Two elusive things – love, and Thespian success – came early to John McCallum, who met his wife, Googie Withers, on the set of his first major film and went on to enjoy a long acting career, often co-starring with the woman to whom he was married for 62 years.
McCallum was not only a star of stage and screen for nearly seven decades, but a distinguished writer, producer and director. He was also half of the brains behind Skippy The Bush Kangaroo, the phenomenally successful television series which ran to 91 episodes and was shown in 128 countries. (His producer friend, Lee Robinson, was the other half.)
Acting was in McCallum's blood: his father, John, who was also a musician, built and ran a riverside theatre, the Cremorne, in Brisbane. John junior was born on the opening night of a comedy produced by his father. The next day, a friend sent him a telegram, saying: "Congratulations on two howling successes."
McCallum's marriage to Withers was one of the most enduring in the fickle world of show business. Already a well-established actress, Withers was in Hollywood in 1946 when she received a cable from Ealing Studios, informing her that she was to star opposite John McCallum in her next film, The Loves of Joanna Godden. Her response was: "Who the hell's John McCallum?"
The pair were married not long after filming ended, Withers having jilted her French fiance. One acerbic newspaper columnist sent them a telegram, stating: "I give it six months." As it turned out, they became "theatrical royalty", particularly in Australia, where they were feted as the local equivalent of the Oliviers, a theatre producer friend, John Frost, told The Australian newspaper.
McCallum – a year younger than Withers, who called him her "toy boy" – was born in 1918; his English mother was a talented amateur actress. Educated in England and Australia, he trained at Rada before starting his career in English repertory theatre.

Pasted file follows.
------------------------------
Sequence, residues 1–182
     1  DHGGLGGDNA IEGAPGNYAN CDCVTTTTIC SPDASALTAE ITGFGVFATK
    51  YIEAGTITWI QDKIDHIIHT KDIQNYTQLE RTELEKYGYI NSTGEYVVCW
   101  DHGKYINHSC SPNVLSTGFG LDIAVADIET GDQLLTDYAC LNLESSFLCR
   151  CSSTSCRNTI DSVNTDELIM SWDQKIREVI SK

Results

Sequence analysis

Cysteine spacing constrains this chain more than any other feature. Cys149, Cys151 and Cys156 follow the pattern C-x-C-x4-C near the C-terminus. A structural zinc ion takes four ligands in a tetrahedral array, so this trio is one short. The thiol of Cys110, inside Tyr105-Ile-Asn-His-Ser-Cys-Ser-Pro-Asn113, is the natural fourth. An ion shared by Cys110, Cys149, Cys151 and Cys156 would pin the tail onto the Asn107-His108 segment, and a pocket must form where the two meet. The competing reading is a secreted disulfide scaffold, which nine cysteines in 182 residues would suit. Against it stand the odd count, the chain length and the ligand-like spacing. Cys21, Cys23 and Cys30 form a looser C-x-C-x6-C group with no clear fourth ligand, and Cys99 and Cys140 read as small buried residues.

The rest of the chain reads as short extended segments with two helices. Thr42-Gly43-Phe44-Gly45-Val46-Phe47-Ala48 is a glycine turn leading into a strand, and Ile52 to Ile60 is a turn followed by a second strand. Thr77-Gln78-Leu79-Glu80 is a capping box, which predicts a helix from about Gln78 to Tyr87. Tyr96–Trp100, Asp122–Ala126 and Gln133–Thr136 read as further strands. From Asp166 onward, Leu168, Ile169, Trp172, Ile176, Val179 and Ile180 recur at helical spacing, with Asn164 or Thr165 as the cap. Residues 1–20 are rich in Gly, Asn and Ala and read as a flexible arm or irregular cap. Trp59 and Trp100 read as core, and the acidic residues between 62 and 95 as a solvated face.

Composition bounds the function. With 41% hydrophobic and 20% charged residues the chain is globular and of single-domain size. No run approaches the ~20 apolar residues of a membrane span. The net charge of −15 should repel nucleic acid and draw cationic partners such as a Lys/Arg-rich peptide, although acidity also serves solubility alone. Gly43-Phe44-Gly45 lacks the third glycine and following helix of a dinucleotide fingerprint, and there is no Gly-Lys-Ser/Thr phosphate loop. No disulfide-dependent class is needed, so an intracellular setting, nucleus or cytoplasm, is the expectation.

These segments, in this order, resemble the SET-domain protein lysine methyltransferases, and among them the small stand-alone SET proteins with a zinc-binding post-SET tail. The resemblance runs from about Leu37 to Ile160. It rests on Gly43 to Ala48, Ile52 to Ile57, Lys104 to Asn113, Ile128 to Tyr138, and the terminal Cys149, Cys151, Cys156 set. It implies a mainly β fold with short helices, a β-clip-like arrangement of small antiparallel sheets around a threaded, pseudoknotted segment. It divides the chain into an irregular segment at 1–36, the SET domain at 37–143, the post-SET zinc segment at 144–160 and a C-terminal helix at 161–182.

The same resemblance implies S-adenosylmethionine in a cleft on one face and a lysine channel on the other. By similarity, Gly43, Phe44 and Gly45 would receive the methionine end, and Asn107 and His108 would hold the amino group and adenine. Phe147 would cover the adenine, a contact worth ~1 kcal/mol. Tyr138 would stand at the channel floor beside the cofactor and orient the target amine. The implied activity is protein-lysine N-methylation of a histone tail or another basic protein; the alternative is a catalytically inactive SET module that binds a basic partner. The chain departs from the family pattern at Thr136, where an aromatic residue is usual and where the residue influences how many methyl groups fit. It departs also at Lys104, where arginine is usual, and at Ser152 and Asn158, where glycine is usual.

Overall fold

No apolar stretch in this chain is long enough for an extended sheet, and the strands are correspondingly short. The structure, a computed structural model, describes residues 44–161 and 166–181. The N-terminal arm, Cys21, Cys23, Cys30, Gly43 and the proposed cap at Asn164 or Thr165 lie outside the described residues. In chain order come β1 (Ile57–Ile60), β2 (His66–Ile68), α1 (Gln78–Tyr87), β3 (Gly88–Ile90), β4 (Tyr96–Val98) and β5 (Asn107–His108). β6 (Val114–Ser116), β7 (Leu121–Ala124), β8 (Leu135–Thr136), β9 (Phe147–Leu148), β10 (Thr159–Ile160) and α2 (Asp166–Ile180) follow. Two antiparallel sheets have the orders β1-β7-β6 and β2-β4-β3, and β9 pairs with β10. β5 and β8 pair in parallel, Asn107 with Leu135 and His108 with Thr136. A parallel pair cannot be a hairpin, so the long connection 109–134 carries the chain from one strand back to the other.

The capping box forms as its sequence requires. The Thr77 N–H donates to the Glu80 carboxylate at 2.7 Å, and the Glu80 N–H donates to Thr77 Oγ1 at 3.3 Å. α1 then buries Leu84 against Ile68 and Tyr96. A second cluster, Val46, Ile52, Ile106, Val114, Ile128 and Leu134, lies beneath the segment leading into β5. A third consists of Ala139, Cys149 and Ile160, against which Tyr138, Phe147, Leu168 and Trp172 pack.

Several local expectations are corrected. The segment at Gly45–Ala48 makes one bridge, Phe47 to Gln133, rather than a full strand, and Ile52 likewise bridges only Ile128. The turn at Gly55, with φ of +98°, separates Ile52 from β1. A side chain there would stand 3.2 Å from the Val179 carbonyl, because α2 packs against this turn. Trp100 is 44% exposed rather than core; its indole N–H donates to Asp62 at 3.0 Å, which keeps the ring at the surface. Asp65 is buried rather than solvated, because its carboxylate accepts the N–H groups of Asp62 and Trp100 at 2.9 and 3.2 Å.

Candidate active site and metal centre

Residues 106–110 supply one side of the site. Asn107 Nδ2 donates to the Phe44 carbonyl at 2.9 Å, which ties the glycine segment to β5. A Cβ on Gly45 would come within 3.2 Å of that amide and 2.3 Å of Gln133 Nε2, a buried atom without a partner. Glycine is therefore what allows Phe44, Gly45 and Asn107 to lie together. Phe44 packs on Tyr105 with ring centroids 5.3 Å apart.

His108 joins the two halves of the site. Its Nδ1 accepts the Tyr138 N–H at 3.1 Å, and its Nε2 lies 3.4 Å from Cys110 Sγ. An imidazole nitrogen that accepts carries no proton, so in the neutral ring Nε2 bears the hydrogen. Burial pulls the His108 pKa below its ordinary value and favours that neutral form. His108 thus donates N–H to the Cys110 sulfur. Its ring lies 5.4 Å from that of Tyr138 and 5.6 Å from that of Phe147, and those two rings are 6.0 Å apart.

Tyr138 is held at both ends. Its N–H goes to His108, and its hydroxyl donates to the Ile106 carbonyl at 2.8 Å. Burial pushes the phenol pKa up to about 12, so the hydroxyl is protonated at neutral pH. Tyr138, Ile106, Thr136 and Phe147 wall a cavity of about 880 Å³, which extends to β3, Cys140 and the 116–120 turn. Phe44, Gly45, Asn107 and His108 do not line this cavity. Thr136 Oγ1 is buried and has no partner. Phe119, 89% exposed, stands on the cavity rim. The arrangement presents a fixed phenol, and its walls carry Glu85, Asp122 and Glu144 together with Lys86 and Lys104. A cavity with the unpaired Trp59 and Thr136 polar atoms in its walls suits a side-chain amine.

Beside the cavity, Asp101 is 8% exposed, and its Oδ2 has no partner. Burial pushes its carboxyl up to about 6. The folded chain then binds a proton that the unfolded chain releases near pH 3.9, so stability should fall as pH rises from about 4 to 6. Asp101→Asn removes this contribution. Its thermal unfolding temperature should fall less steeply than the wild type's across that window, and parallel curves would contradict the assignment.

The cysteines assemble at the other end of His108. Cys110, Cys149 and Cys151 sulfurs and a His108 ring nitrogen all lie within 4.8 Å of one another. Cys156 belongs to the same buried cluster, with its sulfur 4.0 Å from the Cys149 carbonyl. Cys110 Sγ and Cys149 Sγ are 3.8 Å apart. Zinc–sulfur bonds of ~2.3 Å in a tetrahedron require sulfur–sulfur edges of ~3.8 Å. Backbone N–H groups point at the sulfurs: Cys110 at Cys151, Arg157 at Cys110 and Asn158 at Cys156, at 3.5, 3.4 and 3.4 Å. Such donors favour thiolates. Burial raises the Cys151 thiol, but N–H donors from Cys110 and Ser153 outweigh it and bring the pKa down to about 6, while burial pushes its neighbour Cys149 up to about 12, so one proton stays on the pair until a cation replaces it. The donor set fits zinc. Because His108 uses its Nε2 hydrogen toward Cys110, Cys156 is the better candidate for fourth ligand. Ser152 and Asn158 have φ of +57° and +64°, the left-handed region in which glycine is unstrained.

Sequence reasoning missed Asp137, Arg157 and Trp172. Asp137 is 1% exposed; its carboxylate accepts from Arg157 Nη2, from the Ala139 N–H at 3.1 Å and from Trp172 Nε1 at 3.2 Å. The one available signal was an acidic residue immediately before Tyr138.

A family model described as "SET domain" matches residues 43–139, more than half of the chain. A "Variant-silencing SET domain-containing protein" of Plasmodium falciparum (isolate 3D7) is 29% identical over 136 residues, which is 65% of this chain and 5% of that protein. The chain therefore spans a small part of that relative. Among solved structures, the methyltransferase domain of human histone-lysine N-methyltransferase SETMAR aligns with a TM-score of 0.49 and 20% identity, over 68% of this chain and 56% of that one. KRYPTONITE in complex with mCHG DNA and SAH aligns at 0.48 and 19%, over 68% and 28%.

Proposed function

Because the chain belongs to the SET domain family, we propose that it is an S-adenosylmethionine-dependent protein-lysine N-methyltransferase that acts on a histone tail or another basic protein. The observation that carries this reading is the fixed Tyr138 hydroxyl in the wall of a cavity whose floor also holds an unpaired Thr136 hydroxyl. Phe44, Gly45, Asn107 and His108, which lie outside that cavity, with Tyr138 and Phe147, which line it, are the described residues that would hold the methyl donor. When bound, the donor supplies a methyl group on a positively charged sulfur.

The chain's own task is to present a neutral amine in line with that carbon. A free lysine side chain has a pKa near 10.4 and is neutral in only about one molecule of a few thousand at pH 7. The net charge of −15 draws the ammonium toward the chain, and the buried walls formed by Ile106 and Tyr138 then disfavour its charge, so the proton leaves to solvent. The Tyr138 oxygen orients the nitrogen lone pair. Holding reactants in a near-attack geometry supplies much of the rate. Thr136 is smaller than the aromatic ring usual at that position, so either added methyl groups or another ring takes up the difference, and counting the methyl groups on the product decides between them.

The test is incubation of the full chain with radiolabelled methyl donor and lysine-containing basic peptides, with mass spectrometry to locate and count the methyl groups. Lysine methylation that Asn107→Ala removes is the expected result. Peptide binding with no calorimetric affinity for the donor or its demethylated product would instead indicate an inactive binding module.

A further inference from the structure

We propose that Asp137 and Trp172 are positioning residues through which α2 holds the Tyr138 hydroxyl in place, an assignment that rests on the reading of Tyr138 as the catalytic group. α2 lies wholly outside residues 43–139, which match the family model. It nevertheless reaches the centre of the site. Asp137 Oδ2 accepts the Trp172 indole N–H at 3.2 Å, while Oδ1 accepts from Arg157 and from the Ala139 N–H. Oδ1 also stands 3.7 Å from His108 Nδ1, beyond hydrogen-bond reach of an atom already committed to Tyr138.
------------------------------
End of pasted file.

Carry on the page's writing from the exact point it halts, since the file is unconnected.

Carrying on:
That career, which included a part in an Old Vic production of King Lear, was interrupted by the Second World War. McCallum returned home, joined the Australian Imperial Force and served in New Guinea. Soon after the war he headed back to England, where he was given the lead role in The Root of All Evil, released in 1947.
More than 20 films followed, including Devil on Horseback, Valley of the Eagles and Trent's Last Case, McCallum's acting talent and matinee idol looks cementing his success. He starred with Withers in the 1947 movie about working-class life, It Always Rains on Sunday, and the comedy Miranda. But his first love was the stage, and home beckoned.
In 1958 he and Withers moved to Australia, where he became joint managing director of J. C. Williamson, the country's largest theatrical producers. Among the shows he worked on during his eight years with the company were a Melbourne production of My Fair Lady and the film The Weird Mob directed by Michael Powell.
The Skippy idea came to him during a holiday in Sydney. He and Robinson set up a company, Fauna Productions, and filmed the series – based on the friendship between a kangaroo and a park ranger's son – in the Waratah National Park, on the outskirts of Sydney, in the late 1960s.
The programme, which attracted huge ratings, was the most successful Australian television series ever made. McCallum, who was executive producer, had wanted to call it Hoppy, but was overruled by Robinson. They used 35 different kangaroos to play Skippy, who could not only alert her human friends to trouble, but also tie knots, see off poisonous snakes and play the piano.
McCallum produced several other Australian television shows in the 1970s, including Boney, about a part-Aboriginal detective, and produced and directed the 1971 film Nickel Queen, starring Withers as a publican, about an Outback nickel boom. As recently as 1998 the pair acted together in an Australian revival of Oscar Wilde's An Ideal Husband.
Along the way they had three children: Joanna, an actress who is a familiar face on British television, Nicholas, a film production designer, and Amanda. They survive him, along with Withers. An atheist, he requested that there be no funeral.
John Neil McCallum, actor, producer and director; born Brisbane, Australia 14 March, 1918; married 1948 Georgette (Googie) Withers (two daughters, one son); died Sydney 3 February 2010.Reuse content